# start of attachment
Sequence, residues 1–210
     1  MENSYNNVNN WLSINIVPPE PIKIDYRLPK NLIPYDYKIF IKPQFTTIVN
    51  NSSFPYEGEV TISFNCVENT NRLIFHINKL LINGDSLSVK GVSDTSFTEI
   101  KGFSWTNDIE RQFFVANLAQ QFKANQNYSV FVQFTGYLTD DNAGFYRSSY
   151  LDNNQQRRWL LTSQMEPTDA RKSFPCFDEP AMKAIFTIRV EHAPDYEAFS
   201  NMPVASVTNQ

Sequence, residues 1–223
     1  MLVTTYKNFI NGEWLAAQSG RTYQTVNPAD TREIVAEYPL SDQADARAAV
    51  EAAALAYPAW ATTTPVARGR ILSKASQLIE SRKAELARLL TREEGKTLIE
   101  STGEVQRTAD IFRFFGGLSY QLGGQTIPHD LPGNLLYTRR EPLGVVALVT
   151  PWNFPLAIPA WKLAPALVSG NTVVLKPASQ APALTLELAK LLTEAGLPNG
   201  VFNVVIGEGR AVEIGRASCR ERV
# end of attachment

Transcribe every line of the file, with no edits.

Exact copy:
Sequence, residues 1–210
     1  MENSYNNVNN WLSINIVPPE PIKIDYRLPK NLIPYDYKIF IKPQFTTIVN
    51  NSSFPYEGEV TISFNCVENT NRLIFHINKL LINGDSLSVK GVSDTSFTEI
   101  KGFSWTNDIE RQFFVANLAQ QFKANQNYSV FVQFTGYLTD DNAGFYRSSY
   151  LDNNQQRRWL LTSQMEPTDA RKSFPCFDEP AMKAIFTIRV EHAPDYEAFS
   201  NMPVASVTNQ

Sequence, residues 1–223
     1  MLVTTYKNFI NGEWLAAQSG RTYQTVNPAD TREIVAEYPL SDQADARAAV
    51  EAAALAYPAW ATTTPVARGR ILSKASQLIE SRKAELARLL TREEGKTLIE
   101  STGEVQRTAD IFRFFGGLSY QLGGQTIPHD LPGNLLYTRR EPLGVVALVT
   151  PWNFPLAIPA WKLAPALVSG NTVVLKPASQ APALTLELAK LLTEAGLPNG
   201  VFNVVIGEGR AVEIGRASCR ERV